Rowe v. United of Omaha Life Insurance Company (TV1)
MEMORANDUM AND OPINION - Signed by Chief District Judge Thomas A Varlan on 3/17/2017. (KMK, )
UNITED STATES DISTRICT COURT
EASTERN DISTRICT OF TENNESSEE
UNITED OF OMAHA LIFE
This Employee Retirement Income Security Act (“ERISA”) case is before the
Court on the Report and Recommendation (“R&R”) issued by United States Magistrate
Judge C. Clifford Shirley, Jr. [Doc. 22]. In the R&R, Judge Shirley recommends that
plaintiff’s Motion for Judgment on the Record [Doc. 16] be granted in part, and that
defendant’s Motion for Judgment on the Administrative Record [Doc. 14] be denied.
Defendant filed an objection to the R&R [Doc. 23], and plaintiff responded [Doc. 24].
Standard of Review
A court must conduct a de novo review of those portions of a magistrate judge’s
report and recommendation to which a party objects unless the objections are frivolous,
conclusive, or general. See 28 U.S.C. § 636(b)(1); Fed. R. Civ. P. 72(b)(3); Smith v.
Detroit Fed’n of Teachers, Local 231, 829 F.2d 1370, 1373 (6th Cir. 1987); Mira v.
Marshall, 806 F.2d 636, 637 (6th Cir. 1986). “Objections disputing the correctness of the
magistrate’s recommendation, but failing to specify the findings believed to be in error
are too general and therefore insufficient.” Stamtec, Inc. v. Anson, 296 F. App’x 516, 519
(6th Cir. 2008) (citing Spencer v. Bouchard, 449 F.3d 721, 725 (6th Cir. 2006)). The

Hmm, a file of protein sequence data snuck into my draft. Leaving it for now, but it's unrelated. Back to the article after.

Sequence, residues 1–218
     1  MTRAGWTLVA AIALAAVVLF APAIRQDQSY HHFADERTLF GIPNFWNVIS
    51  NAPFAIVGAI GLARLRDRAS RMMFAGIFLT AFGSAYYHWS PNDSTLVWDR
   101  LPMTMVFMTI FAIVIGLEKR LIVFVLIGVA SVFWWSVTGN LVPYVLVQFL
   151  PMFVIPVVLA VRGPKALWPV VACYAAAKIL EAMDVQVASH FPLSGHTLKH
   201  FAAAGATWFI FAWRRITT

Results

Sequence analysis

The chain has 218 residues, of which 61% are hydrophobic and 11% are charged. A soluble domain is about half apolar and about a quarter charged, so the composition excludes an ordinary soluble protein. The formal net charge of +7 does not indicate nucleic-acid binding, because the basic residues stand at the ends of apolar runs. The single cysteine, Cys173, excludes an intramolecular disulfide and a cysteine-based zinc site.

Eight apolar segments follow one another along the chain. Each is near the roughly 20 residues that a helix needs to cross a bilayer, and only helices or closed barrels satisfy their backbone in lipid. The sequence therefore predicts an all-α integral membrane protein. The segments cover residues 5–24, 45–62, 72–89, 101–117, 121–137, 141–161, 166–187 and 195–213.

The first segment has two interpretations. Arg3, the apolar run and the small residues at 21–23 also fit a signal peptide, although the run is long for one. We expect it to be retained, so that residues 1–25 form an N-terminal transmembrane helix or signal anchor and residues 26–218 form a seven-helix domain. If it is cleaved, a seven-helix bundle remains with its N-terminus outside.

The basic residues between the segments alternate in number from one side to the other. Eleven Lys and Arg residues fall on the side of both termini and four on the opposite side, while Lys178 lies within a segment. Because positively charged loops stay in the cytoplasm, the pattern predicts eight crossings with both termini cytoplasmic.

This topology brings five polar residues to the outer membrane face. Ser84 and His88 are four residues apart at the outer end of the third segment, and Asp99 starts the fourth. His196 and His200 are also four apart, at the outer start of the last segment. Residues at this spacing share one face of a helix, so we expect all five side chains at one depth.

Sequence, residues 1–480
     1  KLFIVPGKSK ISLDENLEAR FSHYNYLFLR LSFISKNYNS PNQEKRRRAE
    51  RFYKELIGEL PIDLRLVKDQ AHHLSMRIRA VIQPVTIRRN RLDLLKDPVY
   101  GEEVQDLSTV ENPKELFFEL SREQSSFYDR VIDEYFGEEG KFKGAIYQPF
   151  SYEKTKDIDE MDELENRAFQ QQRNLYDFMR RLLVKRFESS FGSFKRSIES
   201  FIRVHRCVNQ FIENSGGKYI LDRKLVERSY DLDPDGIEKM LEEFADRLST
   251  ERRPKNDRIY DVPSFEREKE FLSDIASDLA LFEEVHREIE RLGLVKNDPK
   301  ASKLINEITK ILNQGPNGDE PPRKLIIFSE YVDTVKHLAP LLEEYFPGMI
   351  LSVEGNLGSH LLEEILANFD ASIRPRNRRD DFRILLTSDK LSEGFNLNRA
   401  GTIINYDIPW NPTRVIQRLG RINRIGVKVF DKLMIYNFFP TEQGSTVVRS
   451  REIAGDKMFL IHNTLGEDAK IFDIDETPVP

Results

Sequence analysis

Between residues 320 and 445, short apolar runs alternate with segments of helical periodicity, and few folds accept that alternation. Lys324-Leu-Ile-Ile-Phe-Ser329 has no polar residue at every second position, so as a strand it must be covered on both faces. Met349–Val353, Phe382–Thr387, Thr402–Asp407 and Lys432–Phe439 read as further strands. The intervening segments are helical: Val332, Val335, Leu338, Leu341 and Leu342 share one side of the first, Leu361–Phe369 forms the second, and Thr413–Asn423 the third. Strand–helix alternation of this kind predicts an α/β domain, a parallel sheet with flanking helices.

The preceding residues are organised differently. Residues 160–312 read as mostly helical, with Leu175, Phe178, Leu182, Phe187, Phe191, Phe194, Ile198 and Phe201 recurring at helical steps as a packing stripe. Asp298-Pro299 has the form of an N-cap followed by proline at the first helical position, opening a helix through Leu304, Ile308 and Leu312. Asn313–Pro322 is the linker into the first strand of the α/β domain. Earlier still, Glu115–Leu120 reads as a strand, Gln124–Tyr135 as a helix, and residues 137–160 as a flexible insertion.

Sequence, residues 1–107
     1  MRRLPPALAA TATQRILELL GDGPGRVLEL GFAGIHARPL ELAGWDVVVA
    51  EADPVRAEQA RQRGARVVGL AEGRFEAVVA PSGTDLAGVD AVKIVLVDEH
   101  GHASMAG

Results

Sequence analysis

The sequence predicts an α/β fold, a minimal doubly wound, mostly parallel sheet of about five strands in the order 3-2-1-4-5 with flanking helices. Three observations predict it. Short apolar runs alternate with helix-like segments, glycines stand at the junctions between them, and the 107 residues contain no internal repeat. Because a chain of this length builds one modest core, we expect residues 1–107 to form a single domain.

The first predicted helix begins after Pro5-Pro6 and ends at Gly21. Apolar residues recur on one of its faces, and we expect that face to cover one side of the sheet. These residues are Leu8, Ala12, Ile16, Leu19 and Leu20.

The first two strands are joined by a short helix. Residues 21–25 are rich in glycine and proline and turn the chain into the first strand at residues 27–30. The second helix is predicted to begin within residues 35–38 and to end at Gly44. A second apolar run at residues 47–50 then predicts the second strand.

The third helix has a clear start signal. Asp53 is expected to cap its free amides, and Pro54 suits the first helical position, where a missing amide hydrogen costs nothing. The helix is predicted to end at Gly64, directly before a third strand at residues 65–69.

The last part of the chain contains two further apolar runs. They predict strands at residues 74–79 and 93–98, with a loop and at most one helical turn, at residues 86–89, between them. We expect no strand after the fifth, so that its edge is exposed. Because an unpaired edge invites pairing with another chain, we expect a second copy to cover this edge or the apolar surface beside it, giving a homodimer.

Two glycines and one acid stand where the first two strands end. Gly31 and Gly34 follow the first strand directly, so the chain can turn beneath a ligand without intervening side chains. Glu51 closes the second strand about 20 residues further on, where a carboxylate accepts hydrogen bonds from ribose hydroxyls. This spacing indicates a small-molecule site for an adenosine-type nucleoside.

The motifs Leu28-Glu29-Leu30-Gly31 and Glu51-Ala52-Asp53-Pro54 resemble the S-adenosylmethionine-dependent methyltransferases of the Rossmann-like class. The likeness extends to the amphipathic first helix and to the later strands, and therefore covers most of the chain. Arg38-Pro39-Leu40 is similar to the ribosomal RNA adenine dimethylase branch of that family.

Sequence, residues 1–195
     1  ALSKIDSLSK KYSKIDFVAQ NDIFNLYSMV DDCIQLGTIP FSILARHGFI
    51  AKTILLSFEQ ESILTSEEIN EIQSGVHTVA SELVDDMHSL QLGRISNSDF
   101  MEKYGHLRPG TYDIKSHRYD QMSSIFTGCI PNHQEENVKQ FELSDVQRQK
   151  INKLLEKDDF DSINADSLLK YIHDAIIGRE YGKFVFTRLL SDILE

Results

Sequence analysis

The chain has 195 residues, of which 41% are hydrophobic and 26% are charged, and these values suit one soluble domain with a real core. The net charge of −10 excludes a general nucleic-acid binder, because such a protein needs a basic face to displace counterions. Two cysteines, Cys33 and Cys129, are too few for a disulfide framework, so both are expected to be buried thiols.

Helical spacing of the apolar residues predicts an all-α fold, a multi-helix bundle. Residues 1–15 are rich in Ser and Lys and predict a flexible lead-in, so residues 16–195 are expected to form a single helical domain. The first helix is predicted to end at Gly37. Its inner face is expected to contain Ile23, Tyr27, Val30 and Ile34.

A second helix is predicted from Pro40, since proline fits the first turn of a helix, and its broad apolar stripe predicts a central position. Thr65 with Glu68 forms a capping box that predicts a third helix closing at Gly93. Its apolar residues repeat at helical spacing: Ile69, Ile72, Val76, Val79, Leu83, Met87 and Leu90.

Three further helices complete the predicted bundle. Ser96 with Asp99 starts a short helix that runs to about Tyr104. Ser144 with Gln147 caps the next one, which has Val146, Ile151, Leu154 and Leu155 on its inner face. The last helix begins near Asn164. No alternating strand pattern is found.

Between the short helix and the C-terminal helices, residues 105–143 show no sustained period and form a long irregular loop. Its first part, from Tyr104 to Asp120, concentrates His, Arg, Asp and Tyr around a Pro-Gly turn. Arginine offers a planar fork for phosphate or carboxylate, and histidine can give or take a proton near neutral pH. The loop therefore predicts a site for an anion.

Court “may accept, reject, or modify, in whole or in part, the findings or
recommendations” made by the magistrate judge. 28 U.S.C. § 636(b)(1).
This case arises from defendant’s decision to deny plaintiff long-term disability
benefits. In the R&R, Judge Shirley found that defendant’s decision to deny benefits
does not withstand the arbitrary and capricious standard of review and recommended that
the case be remanded for further consideration. Defendant raises four objections to the
Specifically, defendant objects to: (1) the application of the arbitrary and
capricious standard of review; (2) the finding that it is unclear which medical provider
opinion defendant credited; (3) the determination that plaintiff’s failure to apply for
Social Security benefits is not relevant; and (4) the recommendation that plaintiff be
given sixty days to supplement the Administrative Record with additional information on
Furthermore, in the event that the Court accepts Judge Shirley’s
recommendations, defendant seeks guidance on the remand process. The Court will
address each of these objections in turn.
The Court presumes familiarity with the R&R entered in this case [Doc. 22].
Application of the Arbitrary and Capricious Standard of Review
In its first objection, defendant argues that Judge Shirley failed to appropriately
apply the arbitrary and capricious standard of review. Specifically, defendant argues that
Judge Shirley failed to give defendant’s decision to deny benefits the extreme deference
required by Sixth Circuit precedent, and it also argues that certain cases that Judge
Shirley relied upon are distinguishable from this case. The Court will address each of
these arguments in turn.
Deference to Defendant’s Decision
In the R&R, Judge Shirley recommended that this case be remanded because he
could not determine based on the record whether defendant’s decision to deny benefits
“was the result of a deliberate, principled, reasoning process” [Doc. 22 p. 21].
particular, Judge Shirley found that it was unclear from the record to what extent